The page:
When Ben is the only student in class who can answer the questions posed by math prof Mickey Rosa (Kevin Spacey), he captures his attention. Later, he is invited to join a small group of students being primed by Rosa to work a system for counting cards for blackjack. At first he refuses; he doesn't want to compromise his job or studies, or even his participation on the robot competition with his two nerdy friends. But a visit from Jill (Kate Bosworth), the hot student he desires from afar, changes his mind.
Ben, of course, is a natural. He picks up the counting method, the signals, and the buzzwords quickly. He is a natural leader, too, and is given the spot as high hitter, the one who comes to the table when signaled and starts betting large amounts. And so the Vegas trips begin.
At first Ben, with his new identity, does well but remains the same shy scholarly student that he was at first. He still wants to stay friends with his nerdy buddies. But as these trips continue, he changes. He is seduced by the large amounts of money they are winning, the glitz of the neon, the grand suites they occupy, and the recognition he is given by the hotel staff. Slowly he withdraws from his former friends. He lies to his mother. He becomes a different person, an uncaring, high roller who lives for the thrill of the game, and enjoys the trappings of this success.
But the success of this cabal is only as good as the counting of cards. When Ben falls prey to playing with emotions, not the system, he loses and loses big. At this point, Rosa's true motivations emerge: "You are only ever as good to me as the money you make!" This is not about the team, it is about the money they bring to him. The nasty underbelly of the beast is exposed. And he has ways to destroy them and their dreams.
When Ben and his fellow students decide to work without Rosa, he gives them away to casino enforcer Cole Williams (Laurence Fishburne), a shady character from Rosa's past. When Ben is taken for a talk with Williams, the talk involves fists and knuckle-rings. It is a wake-up call.
As Ben loses everything, his fortune, friends, and future, he is forced to take drastic action. With nothing left to lose, he plans a way to win it all back. The final act is a formulaic con that plays out in a fun fashion.
21 wastes its talent. The signals used in the casinos are so obvious a blind-man could spot them a mile away. The system, explained once, is repeated time and time again unnecessarily, as though the director expects us to forget what is going on. And the characters are too superficial, almost caricatures. The screenplay lacks subtlety; with more depth of character it would have been interesting and compelling.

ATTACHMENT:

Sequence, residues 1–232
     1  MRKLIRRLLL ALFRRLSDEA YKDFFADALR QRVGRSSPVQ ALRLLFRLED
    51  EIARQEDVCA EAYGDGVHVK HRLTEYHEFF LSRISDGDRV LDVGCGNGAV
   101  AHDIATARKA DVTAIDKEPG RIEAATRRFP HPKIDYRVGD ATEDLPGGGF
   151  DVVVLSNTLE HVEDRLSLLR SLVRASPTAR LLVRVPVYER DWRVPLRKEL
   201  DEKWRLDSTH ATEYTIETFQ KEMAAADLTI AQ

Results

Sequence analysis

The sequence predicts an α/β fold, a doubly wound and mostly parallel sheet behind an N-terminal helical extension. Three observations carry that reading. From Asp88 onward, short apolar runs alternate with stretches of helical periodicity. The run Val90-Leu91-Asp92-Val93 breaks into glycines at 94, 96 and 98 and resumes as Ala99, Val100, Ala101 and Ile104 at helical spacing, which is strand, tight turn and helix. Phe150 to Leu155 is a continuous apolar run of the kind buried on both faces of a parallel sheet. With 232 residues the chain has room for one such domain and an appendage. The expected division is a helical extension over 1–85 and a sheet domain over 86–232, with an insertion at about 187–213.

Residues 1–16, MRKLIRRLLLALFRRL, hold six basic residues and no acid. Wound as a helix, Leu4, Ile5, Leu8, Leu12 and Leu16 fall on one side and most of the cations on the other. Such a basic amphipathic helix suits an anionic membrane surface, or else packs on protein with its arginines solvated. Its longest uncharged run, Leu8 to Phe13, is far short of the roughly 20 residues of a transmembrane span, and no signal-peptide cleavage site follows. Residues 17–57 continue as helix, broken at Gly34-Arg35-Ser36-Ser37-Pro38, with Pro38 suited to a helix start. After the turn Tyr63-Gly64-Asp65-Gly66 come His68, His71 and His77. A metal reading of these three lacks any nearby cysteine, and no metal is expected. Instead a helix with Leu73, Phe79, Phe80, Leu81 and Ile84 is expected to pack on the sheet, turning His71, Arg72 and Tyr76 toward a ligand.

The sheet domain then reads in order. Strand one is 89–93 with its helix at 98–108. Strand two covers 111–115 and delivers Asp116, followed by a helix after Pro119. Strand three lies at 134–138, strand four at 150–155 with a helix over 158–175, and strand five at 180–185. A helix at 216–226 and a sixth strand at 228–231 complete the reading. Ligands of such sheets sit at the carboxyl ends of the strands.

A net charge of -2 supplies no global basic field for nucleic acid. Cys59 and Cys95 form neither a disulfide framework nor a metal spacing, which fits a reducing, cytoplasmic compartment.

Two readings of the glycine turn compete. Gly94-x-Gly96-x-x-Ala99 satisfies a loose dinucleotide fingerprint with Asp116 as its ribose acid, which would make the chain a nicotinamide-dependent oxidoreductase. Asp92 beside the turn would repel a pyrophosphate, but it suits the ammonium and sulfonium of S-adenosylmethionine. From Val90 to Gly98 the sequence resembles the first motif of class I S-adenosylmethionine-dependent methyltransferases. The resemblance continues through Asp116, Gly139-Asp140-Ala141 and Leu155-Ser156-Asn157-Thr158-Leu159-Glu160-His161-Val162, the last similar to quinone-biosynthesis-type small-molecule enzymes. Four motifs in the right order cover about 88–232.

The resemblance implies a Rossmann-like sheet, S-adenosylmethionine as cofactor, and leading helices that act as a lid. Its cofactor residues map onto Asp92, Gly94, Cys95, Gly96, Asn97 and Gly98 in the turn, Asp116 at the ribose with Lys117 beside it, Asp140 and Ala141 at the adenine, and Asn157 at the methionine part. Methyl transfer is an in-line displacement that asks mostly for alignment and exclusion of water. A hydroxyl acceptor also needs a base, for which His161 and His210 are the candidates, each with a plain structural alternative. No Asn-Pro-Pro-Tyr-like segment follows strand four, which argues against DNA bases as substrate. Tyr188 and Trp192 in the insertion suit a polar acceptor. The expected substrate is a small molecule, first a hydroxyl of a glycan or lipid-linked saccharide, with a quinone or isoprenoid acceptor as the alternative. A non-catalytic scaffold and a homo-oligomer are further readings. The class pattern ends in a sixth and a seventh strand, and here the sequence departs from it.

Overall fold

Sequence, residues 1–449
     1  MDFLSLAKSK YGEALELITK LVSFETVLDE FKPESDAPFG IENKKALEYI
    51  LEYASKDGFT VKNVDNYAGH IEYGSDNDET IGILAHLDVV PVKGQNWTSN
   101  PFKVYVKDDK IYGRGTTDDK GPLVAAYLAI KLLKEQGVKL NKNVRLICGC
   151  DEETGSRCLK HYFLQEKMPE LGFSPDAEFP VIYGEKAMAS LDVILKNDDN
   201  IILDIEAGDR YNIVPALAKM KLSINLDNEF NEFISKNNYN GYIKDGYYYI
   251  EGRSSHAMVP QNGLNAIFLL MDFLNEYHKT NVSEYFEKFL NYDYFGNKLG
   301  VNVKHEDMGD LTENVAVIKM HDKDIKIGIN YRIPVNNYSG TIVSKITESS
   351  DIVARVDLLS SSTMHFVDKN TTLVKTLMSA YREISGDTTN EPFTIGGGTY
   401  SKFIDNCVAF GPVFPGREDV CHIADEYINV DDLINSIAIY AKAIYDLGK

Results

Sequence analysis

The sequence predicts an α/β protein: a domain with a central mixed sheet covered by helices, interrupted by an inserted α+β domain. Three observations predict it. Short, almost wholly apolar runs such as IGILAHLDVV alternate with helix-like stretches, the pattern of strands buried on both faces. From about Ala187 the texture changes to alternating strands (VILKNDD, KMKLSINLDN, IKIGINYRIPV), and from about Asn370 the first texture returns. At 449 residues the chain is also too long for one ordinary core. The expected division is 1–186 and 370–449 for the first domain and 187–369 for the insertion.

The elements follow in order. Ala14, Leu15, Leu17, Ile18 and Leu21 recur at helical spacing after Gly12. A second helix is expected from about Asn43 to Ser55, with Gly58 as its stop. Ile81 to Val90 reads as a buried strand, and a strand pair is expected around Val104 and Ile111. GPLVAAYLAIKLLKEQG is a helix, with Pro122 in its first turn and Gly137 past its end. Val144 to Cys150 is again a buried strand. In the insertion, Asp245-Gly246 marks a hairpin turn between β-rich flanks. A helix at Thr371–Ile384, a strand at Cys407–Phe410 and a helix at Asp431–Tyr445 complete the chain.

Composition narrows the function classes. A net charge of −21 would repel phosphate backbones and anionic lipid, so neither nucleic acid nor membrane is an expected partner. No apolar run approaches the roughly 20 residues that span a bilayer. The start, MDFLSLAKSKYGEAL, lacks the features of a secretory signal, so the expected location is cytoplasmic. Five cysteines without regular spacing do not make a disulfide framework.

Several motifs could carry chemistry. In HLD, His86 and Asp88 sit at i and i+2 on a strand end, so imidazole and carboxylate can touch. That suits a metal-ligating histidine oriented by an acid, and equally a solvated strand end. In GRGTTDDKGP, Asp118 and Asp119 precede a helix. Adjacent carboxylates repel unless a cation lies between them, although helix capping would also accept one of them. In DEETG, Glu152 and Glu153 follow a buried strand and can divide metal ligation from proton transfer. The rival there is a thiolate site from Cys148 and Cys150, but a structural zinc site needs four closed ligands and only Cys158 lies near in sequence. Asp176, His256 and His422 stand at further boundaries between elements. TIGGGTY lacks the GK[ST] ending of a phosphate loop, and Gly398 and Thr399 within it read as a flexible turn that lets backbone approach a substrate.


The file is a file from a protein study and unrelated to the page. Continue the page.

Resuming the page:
As ordinary as 21 is, it raises some intriguing ethical issues. Is it OK to lie to your family, your parents, to "protect" them? Sometimes, to lie is to save face. If the truth is too hard to tell, or cannot be told, is this a sign that the activity is ethically wrong? In lying to a parent or family member, this will undoubtedly have a domino-effect. It will hinder future relational growth, since relationships are based on honesty and transparency. It will lead to further lying to hide the truth that cannot be told.
Can we expose ourselves to seductive activities without being seduced by them ourselves? It may be possible but it is very difficult. As one of the characters says, "You know what I like most about Las Vegas? You can be whoever you want to be." Vegas allows people to pretend to be something that they're not, but in doing so they are actually becoming those people. The masks we wear conform our faces so that they eventually will become those masks.
Another ethical issue is that of abandoning one's friends when a "better" group comes along. This is manipulative at heart. True friendships are based on care and concern, a desire to see our friends reach their best. It is not self-serving, as though we use the friendship until a better one for us comes along. 21 causes us to reflect on our own friendships and our internal motivations. How do we know our true friends? Who are we true friends to? How do we treat our friends?
Perhaps the biggest issue 21 raises is how close to the limits we choose to go. If counting cards is not illegal, it is certainly close to the boundaries. The fact that the enforcer will beat a card-counter to a pulp shows how the casinos view this activity. Is it wise to live life close to the allowed boundaries, always challenging the authorities but never quite crossing the line? 21 never really answers this question and this void subverts the narrative.
So, should we root for Ben and his team? We do, only because we see the inherent wickedness in their mentor. But what if Rosa was better, decent at heart? Where would our allegiances lie then? Surely perceptions are as important as reality. And if the perceptions of others is that when we live close to the limits we are actually over the line, it is better to move away, to alter the reality so as to alter their perceptions. As followers of the Lord of the Universe, we must live so as to cause no issues for others. If that means avoiding living close to the limits, then perhaps we need to reevaluate the lifestyles we have chosen.
21 is for 17 -- the birthday number for my son today! Happy birthday David.
Copyright ©2008, Martin Baggs
Wednesday, August 13, 2008